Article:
Skip to content

10 lessons to learn from 2009

January 9, 2010

[picapp align=”left” wrap=”false” link=”term=lessons&iid=100646″ src=”0097/cfcacb87-d979-4544-8994-dac5cb351900.jpg?adImageId=8869061&imageId=100646″ width=”380″ height=”379″ /]

Welcome to 2010. I hope it’s shaping up to be a good one for you.

I’m over a quarter into my time in Botswana, so now seems a good point to look back at some of the things I’ve learnt (or re-learnt) on my journey towards life as an EEP. Here are some things 2009 taught me not to do…

1. Don’t ask “why?”
Ask “Why not?”
I wouldn’t have got very far if I’d asked myself why I should leave my safe job to volunteer overseas for a year. So ask yourself, Why shouldn’t I stop doing the ordinary and do something extraordinary? Why shouldn’t I be the one to get the ball rolling? Why shouldn’t I be the one to find the solution?

2. Don’t just dip your toe in
Throw your whole self in. Be brave.
I could have opted for a 3- or 6-week placement. I wouldn’t have had the time to see the wider context in which I’m working, to get to know the people and culture I wanted to learn about. 12 months was the longest I could do on this program, which is sensible financially, but I think even that is too short. If you’re going to do something, do it. Really do it.

3. Don’t think too much
Too often our heads get in the way of where our hearts want to go.
I’ve lost count of the number of times people have told me I’m taking a risk by doing x, y or z. If I’d stopped and thought through all the bad things that might happen each time, I would probably never have done any of them. But they’re nearly all the best decisions I’ve ever made.

4. Don’t presume to know yourself
Accept that other people see you differently.
We all know they can see our weaknesses, but they can also see our strengths. Strengths you might not recognise, or might be afraid to recognise. Deal with it. If they’re prepared to trust you, you should.

5. Don’t look too long at the past – or the future
Be in the here and now.
Feel what you’re feeling, look at what you’re facing. If it’s not be the greatest place to be you stand a better chance of changing it if you know what it really looks like (not what you think or feel it looks like!). If it is the greatest place to be, why would you want to be anywhere else?

6. Don’t give up
Circumstances can and do conspire.
I have a list as long as my arm of events that could have stopped me being here, posting on my blog about my time in Botswana. Some people just love setting up hoops and stamping on dreams. Jump through the hoops when you have to – don’t let them stamp on your dreams.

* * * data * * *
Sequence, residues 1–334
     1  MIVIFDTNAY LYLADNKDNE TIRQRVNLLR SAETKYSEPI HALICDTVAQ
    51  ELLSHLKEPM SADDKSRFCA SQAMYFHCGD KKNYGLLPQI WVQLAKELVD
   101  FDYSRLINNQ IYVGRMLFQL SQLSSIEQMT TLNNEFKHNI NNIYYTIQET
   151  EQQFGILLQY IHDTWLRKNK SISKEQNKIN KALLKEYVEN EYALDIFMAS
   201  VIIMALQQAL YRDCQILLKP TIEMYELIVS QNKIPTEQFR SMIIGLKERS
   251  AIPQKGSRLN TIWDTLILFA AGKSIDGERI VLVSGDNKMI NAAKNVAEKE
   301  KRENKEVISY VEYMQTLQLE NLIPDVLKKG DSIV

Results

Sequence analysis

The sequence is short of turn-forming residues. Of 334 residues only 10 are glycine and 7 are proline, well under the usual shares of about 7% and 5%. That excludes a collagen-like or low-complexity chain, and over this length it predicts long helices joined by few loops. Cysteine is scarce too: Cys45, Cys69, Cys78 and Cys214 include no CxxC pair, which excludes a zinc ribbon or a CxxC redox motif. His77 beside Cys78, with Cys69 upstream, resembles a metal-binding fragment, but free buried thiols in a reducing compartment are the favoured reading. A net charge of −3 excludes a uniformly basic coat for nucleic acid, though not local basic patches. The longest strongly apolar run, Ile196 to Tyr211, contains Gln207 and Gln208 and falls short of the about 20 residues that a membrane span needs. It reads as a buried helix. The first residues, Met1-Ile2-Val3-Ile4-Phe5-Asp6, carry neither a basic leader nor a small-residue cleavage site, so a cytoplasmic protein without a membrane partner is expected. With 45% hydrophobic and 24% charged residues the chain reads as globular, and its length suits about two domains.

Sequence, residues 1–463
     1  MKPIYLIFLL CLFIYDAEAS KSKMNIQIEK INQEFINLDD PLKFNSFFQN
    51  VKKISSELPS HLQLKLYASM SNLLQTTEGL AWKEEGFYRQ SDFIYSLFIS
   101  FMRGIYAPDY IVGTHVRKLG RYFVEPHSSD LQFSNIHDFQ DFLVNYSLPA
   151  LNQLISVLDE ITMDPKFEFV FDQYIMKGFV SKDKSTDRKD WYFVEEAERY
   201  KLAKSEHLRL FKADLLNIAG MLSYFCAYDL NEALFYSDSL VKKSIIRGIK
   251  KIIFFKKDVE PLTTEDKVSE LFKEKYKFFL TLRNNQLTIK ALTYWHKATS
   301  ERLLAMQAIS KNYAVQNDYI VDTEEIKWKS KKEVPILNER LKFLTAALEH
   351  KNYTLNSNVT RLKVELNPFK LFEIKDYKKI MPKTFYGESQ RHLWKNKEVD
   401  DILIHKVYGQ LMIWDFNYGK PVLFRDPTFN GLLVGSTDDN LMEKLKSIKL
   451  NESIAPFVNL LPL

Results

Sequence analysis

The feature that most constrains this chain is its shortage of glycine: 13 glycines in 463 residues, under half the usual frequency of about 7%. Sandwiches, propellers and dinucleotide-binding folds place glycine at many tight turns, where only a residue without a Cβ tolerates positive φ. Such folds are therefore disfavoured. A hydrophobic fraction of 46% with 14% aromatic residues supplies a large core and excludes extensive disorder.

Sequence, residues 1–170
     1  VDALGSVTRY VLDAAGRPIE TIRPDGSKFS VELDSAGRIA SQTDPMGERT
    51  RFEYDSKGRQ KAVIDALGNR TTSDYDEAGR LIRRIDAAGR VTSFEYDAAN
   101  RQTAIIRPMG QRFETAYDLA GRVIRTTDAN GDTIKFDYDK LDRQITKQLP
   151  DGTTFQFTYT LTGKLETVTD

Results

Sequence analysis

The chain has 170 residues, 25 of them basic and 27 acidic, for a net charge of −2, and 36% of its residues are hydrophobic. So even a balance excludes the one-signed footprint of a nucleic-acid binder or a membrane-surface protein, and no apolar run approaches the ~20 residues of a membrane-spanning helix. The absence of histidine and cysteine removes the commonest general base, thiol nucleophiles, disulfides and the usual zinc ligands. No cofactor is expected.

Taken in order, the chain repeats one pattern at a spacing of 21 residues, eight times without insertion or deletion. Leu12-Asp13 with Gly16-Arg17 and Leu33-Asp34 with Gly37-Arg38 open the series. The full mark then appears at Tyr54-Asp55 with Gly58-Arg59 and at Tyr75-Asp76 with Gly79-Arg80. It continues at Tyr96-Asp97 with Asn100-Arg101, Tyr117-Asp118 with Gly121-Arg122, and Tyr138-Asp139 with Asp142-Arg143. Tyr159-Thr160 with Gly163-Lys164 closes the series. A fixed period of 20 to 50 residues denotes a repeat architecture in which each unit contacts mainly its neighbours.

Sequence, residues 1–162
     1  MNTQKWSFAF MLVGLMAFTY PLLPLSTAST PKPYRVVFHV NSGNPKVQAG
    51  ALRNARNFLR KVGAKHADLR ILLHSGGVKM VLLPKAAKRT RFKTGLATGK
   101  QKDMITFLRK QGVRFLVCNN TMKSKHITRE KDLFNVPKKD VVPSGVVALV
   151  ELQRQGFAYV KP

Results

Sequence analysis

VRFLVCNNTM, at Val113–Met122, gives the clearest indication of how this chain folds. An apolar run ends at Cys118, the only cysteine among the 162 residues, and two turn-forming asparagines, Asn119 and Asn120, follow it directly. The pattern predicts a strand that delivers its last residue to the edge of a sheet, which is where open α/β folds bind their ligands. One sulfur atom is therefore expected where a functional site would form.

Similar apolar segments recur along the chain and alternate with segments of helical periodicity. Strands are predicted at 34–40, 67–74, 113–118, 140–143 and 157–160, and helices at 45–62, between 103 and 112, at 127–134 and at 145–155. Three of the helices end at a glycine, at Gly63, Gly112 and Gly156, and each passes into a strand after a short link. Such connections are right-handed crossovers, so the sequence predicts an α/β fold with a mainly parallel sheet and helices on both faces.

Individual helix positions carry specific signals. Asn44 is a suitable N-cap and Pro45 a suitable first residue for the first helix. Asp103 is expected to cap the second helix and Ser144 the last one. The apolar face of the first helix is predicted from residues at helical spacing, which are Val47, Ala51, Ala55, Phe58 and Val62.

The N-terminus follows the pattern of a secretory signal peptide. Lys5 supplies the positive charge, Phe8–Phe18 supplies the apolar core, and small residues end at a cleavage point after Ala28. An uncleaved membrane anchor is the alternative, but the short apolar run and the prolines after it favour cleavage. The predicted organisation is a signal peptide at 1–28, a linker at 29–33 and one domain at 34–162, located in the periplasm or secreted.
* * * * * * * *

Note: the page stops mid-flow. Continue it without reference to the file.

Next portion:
7. Don’t be afraid to change your mind
Sometimes… just sometimes… you’re wrong.
You chose the wrong date, the wrong method, the wrong project, whatever. Recognize it. Accept it. Fix it. Move on.

8. Don’t forget to ask for help
It’s ok to need help.
It’s ok to ask for help for you or for someone you know. You never know who will have the answer. Often there’s a solution closer than you think. And when you let someone help you, you give them a way to give you something. Don’t underestimate the value of that.

9. Don’t think you have to do it all on your own
If it’s resting on you, it’s ok to take charge of how the burden is handled.
Delegation is not just something your boss does. It’s not restricted to the workplace. You can, and should use it too. Don’t forget lesson 8.

Of course, 2009 wasn’t all about the ‘don’ts’… Number 10 is nothing new, but sometimes reinforcing knowledge is just as important as learning something new.

10. Carpe Diem
Seriously.
Now.

Bookmark and Share

3 Comments leave one →
  1. January 27, 2010 11:28 am

    Really like no.1 – ask ‘Why not?’ That has really never occurred to me and I always forget how negative the question ‘Why?’ can be.

    Loving the blog btw!

    • oneredsock permalink
      January 27, 2010 12:31 pm

      Cheers Tasha – always good to know people like the blog – and I’m glad I can say something new🙂

Trackbacks

  1. Challenges, triumphs and the bit in between – Part One « Tales from the sock drawer

Leave a Reply

Fill in your details below or click an icon to log in:

WordPress.com Logo

You are commenting using your WordPress.com account. Log Out / Change )

Twitter picture

You are commenting using your Twitter account. Log Out / Change )

Facebook photo

You are commenting using your Facebook account. Log Out / Change )

Google+ photo

You are commenting using your Google+ account. Log Out / Change )

Connecting to %s

%d bloggers like this: